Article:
Meanwhile, Swoon Reads has been full of surprises! In case you missed it, voting for LOVE FORTUNES AND OTHER DISASTERS' cover totally happened. These lovely covers had been the choices:

Which one did you vote for?

The cover voting made me even more inspired as I work through my revisions. Which, by the way, has been going pretty well despite facing some intimidating changes. When I say "intimidating," I'm not talking about the meaning in a classic sense. My editorial letter rocked. After combing through the letter with my editor, Holly, and finding solutions and brainstorming for a good few hours, I'm excited. I can't wait to share the new scenes, the twists and turns that are forming underneath my fingers as I type them out into what's becoming a shiny new draft.

But if you've ever written anything, be it a short story, novel, or even essay, you know what I mean when I say that there are intimidating parts of everything we write. Those scenes that you want to revise and make better, that you're just itching to unravel - but you remember the mountains you climbed to pull that idea from you head in the first place, and wonder if it will stay intact once you start making it better.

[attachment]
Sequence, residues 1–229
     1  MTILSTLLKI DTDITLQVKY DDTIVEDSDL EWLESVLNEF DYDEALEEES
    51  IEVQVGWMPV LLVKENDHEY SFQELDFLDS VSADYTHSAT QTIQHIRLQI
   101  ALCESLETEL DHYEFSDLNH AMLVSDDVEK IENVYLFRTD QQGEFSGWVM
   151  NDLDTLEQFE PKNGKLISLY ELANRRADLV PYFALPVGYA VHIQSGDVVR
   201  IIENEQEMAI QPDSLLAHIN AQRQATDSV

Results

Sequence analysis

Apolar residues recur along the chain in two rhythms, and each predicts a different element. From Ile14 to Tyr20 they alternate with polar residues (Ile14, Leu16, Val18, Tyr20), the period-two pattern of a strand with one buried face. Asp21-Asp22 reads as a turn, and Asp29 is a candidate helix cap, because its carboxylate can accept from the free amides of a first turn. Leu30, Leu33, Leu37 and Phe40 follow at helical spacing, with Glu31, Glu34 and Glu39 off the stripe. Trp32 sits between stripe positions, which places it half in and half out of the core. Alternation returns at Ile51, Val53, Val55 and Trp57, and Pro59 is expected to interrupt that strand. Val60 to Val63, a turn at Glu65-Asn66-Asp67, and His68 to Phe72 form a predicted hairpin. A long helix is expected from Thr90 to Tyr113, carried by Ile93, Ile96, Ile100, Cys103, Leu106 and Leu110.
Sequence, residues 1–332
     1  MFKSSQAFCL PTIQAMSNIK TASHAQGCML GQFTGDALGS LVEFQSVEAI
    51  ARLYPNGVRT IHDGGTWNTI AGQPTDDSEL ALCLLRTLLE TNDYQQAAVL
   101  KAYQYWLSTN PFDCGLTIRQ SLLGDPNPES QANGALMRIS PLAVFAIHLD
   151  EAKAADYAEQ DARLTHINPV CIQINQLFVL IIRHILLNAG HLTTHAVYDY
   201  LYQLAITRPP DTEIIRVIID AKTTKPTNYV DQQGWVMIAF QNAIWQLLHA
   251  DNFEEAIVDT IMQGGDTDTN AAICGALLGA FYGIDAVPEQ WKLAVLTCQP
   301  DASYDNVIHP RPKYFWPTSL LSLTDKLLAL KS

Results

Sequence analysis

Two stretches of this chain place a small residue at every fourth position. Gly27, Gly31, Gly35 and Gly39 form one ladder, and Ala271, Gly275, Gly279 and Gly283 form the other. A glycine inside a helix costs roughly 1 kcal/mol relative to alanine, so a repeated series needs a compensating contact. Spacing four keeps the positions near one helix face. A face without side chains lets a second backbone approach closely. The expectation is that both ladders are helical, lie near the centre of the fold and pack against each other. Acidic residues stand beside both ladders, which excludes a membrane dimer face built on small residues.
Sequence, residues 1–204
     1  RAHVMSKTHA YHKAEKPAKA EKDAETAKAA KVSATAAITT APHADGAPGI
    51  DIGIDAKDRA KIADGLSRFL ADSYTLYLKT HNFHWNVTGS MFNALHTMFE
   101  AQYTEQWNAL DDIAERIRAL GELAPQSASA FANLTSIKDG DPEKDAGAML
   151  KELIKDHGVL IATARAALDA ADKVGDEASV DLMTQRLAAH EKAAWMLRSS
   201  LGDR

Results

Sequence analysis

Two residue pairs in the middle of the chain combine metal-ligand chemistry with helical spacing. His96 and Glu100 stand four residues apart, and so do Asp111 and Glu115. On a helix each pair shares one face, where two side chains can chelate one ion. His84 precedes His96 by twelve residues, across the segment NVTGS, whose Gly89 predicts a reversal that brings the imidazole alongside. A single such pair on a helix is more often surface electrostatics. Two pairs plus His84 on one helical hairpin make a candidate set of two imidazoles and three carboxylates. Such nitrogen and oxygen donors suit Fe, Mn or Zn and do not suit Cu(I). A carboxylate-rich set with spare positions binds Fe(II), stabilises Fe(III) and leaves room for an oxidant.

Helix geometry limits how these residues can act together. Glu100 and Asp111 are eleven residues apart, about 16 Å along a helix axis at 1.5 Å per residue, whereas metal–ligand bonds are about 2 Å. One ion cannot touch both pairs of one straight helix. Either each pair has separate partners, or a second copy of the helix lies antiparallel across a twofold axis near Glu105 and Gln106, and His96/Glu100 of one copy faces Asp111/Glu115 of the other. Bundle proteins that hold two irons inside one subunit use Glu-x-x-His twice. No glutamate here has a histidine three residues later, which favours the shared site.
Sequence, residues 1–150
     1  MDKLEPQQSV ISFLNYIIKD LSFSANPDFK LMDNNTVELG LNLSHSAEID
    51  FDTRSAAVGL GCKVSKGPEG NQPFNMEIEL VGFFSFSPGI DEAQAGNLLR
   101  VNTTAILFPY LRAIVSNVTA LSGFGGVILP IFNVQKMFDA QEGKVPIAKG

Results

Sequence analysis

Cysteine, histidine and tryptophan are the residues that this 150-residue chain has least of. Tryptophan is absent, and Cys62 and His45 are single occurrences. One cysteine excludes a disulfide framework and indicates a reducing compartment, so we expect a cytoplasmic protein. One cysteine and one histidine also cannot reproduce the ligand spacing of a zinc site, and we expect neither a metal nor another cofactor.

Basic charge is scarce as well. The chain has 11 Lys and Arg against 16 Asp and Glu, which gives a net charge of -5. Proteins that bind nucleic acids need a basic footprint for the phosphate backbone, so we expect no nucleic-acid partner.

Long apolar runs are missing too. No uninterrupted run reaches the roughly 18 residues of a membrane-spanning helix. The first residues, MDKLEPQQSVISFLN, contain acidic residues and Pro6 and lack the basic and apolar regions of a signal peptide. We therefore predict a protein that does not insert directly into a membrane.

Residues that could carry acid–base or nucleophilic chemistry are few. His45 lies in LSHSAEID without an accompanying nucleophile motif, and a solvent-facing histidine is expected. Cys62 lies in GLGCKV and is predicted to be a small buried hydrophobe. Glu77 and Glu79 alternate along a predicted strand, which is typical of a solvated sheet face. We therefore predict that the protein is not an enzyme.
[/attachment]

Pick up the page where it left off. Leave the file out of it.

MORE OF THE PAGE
And so, while I bravely plunged into my manuscript with sword and shield in hand, I had some moments where my attitude was more like...

... and I'm pretty sure that's normal. Going slow, and taking these scenes piece my piece, usually helps me. If you poke a hole, ignore the whizzing sound of the air rushing loose, or plug it up temporarily with a giant I Shall Return note in the margins. Or highlight. I love highlighting. Listening to perfection in the form of movie soundtracks doesn't hurt either (if you peeked at my Twitter feed this weekend, you knew I was half-bawling, half smiling while revising to A Little Princess and The Secret Garden soundtracks).  

I've got a few more matters to attend to before turning in my first round of revisions *snaps on surgical gloves*

When the headaches subside and the night wraps stars around my house, I recover a sense of adventure and revise.